Angry miners have protested at the mine for a week, after 3,000 workers walked out over a pay dispute. Some strikers have held signs demanding that monthly wages be tripled to about $1,500.

National Union of Mineworkers spokesman Lesiba Seshoka said Friday that part of the tension was sparked by workers’ decision to strike without union support.

“It can’t be right to have bargaining outside bargaining process because the bargaining processes had been concluded," said Seshoka. "So it would have have made more sense if they did not demand, but rather waited for the bargaining season to begin and then said to their leadership this is what we want now."

African Percent of World Production

  • Platinum Metals         54
  • Phosphate                 27
  • Gold                           20
  • Chromium                  40
  • Diamonds                  78

Source: UN
But Jeff Mphahlele, leader of the rival of the Association of Mineworkers and Construction Union, said the workers’ demands were fair and that police should not have fired.

Adraio, the police spokesman, said authorities are investigating.

“I think it’s too early stages to start blaming specific groupings," he said. "I think the investigations are presently underway and we need to wait for the final investigations to be complete, for the process to take place."

Strikes are common in South Africa, which has a strong confederation of unions and a large pool of menial workers.  

The Lonmin mine is about 100 kilometers northwest of Johannesburg and is the source of the majority of the world’s platinum. Platinum prices spiked Thursday to close at a price of $1,435 for an ounce. Lonmin shares, however, dropped in London and Johannesburg.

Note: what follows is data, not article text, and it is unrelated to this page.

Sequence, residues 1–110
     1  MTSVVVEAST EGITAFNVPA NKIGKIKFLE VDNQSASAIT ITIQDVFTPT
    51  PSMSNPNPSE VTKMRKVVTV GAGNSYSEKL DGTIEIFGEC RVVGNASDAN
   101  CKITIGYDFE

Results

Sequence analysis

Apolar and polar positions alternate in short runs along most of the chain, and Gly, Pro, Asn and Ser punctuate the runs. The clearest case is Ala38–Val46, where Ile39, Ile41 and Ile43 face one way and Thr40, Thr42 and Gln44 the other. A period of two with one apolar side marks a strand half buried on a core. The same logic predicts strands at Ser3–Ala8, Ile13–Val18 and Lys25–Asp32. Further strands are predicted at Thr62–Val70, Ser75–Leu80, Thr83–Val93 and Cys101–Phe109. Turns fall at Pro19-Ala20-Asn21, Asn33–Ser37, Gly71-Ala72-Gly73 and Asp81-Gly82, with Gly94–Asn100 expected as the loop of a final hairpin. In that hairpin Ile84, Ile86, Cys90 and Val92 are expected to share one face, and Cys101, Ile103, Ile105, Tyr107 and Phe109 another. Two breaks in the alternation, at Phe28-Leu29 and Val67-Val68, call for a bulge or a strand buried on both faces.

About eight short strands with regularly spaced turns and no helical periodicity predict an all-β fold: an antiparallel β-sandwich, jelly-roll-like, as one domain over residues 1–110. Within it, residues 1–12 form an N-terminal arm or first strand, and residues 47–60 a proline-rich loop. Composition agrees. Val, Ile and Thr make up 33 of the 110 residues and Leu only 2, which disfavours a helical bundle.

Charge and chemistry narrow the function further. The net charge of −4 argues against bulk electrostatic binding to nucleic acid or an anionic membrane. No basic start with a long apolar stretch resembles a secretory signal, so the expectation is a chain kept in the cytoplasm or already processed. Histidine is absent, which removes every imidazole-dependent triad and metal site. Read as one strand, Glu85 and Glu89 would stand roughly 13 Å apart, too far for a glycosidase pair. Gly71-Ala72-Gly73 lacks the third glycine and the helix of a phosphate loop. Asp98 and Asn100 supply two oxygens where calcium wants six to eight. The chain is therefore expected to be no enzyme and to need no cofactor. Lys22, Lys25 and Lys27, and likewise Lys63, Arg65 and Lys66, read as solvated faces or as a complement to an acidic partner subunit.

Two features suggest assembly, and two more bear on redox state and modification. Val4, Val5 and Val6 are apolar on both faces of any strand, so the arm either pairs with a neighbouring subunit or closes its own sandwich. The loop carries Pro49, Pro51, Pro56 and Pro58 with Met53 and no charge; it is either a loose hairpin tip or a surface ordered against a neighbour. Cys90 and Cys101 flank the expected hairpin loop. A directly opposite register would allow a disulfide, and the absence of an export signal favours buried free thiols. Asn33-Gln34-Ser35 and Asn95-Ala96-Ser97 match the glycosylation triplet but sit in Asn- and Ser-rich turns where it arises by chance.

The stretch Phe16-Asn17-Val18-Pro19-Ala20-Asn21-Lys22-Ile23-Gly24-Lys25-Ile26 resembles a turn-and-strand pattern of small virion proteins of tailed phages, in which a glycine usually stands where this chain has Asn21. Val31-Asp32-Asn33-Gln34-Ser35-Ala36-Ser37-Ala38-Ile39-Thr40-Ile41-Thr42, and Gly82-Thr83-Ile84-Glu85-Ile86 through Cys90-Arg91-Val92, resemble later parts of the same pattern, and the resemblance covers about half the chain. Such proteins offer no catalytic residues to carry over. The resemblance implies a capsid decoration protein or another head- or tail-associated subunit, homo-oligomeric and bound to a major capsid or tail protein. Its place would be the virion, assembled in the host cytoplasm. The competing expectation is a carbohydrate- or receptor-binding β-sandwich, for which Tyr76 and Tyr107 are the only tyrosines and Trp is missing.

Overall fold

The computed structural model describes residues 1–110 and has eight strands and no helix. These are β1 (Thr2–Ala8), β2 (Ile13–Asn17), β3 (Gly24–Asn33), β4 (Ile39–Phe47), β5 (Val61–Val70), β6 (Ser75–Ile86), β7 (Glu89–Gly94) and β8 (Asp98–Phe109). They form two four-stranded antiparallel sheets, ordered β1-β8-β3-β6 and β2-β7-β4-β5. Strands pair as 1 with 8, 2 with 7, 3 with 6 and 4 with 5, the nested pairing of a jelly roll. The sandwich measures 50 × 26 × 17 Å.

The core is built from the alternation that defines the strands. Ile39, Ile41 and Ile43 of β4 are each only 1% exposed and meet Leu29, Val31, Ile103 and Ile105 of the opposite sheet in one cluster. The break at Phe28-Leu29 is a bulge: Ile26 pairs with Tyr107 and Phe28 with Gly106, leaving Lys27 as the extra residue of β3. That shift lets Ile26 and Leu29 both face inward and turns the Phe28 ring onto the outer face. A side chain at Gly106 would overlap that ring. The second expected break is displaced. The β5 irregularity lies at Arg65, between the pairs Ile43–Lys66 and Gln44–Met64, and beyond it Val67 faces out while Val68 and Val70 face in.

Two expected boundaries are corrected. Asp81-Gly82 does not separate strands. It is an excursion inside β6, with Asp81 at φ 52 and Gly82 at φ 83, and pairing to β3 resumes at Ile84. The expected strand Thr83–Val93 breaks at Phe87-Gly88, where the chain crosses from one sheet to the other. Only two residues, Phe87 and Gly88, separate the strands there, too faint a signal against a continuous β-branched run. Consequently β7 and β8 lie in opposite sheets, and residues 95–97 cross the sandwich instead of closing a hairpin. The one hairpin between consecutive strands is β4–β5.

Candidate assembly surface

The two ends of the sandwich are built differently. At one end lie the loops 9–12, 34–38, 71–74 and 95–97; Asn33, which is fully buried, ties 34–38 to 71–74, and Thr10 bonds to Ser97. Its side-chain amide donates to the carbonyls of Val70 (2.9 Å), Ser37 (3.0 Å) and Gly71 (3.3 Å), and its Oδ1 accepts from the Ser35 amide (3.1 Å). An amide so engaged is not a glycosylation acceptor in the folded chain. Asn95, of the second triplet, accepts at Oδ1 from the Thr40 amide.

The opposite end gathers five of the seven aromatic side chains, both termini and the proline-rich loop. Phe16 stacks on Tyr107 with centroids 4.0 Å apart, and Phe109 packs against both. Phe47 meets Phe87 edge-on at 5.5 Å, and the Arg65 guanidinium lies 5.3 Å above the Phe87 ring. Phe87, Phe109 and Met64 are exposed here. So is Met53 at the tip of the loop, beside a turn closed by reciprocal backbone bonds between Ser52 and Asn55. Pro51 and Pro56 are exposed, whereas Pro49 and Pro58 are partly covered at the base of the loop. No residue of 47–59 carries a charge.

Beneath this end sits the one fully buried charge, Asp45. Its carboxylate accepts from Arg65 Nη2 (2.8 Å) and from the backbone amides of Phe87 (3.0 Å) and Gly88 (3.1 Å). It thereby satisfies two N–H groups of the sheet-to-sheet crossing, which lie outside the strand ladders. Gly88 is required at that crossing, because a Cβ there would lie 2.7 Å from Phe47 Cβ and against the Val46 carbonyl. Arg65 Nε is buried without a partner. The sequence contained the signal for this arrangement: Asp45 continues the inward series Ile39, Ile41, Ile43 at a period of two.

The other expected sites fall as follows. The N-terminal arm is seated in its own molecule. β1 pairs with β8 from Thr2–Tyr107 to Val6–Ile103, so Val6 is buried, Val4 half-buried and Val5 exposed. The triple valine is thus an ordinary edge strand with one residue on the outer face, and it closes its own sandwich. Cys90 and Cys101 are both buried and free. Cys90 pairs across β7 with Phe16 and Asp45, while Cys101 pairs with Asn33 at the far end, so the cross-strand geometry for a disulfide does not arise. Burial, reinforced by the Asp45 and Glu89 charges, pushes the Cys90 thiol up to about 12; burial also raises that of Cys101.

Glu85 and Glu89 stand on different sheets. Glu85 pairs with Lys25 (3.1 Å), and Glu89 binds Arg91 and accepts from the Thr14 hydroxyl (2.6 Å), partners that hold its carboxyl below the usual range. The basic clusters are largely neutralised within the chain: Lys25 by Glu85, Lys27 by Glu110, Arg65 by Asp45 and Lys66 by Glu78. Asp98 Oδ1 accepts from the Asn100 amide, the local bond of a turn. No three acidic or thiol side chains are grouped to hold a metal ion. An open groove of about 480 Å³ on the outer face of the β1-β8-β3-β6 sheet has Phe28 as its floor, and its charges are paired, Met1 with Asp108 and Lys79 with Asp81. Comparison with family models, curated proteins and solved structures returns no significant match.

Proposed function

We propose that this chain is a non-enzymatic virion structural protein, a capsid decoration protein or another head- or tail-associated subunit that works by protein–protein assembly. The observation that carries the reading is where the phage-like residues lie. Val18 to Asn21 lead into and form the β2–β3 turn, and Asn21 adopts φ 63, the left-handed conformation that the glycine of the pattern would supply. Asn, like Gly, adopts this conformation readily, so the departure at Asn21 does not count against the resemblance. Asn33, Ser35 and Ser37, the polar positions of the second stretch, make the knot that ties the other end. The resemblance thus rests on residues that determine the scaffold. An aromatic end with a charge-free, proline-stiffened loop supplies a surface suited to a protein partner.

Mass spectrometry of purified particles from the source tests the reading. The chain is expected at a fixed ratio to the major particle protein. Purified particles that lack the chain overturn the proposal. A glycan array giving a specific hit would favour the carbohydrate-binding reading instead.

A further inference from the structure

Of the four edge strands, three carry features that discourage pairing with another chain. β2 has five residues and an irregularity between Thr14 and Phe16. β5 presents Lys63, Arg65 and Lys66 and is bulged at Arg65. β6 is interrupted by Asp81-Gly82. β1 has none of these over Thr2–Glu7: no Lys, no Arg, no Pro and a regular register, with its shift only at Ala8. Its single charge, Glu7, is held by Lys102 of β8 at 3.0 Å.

The company says the dispute has cost six days’ worth of production, and the mine will not make its annual output goal.

About 3,000 people have walked off the job at the mine in the past week due to a pay dispute. Lonmin is the world's third-largest platinum producer.

<p><span class="article11"><i><span style="font-size: 7pt; line-height: 115%; font-family: &quot;Times New Roman&quot;,&quot;&quot;;">Some information for this report was provided by AFP and Reuters.</span></i></span></p>


  • An unidentified woman chants as she protests against the police opening fire and killing striking mine workers a day earlier at the Lonmin Platinum Mine near Rustenburg, South Africa, August 17, 2012.
  • Members of a South African police crime unit investigate the scene of the shooting of miners at the Lonmin mine near Rustenburg, South Africa, August 17, 2012.
  • An unidentified woman cries as she protests against the police opening fire and killing striking mine workers a day earlier at the Lonmin Platinum Mine near Rustenburg, South Africa, August 17, 2012.
  • A policeman fires at protesting miners outside a South African mine in Rustenburg, August 16, 2012.